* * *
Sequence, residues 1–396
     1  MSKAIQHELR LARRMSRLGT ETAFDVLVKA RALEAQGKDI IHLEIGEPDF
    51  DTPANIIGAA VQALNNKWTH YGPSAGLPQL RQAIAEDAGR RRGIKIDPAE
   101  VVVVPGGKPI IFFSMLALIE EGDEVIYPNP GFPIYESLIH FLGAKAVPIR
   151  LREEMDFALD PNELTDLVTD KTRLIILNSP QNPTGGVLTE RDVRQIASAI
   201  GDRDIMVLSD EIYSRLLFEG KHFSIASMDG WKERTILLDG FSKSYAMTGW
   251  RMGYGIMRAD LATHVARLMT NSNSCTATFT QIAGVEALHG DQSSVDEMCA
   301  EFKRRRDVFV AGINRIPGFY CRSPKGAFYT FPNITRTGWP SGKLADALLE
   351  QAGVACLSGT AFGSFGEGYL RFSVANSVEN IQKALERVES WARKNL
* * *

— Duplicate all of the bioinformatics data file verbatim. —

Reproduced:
Sequence, residues 1–396
     1  MSKAIQHELR LARRMSRLGT ETAFDVLVKA RALEAQGKDI IHLEIGEPDF
    51  DTPANIIGAA VQALNNKWTH YGPSAGLPQL RQAIAEDAGR RRGIKIDPAE
   101  VVVVPGGKPI IFFSMLALIE EGDEVIYPNP GFPIYESLIH FLGAKAVPIR
   151  LREEMDFALD PNELTDLVTD KTRLIILNSP QNPTGGVLTE RDVRQIASAI
   201  GDRDIMVLSD EIYSRLLFEG KHFSIASMDG WKERTILLDG FSKSYAMTGW
   251  RMGYGIMRAD LATHVARLMT NSNSCTATFT QIAGVEALHG DQSSVDEMCA
   301  EFKRRRDVFV AGINRIPGFY CRSPKGAFYT FPNITRTGWP SGKLADALLE
   351  QAGVACLSGT AFGSFGEGYL RFSVANSVEN IQKALERVES WARKNL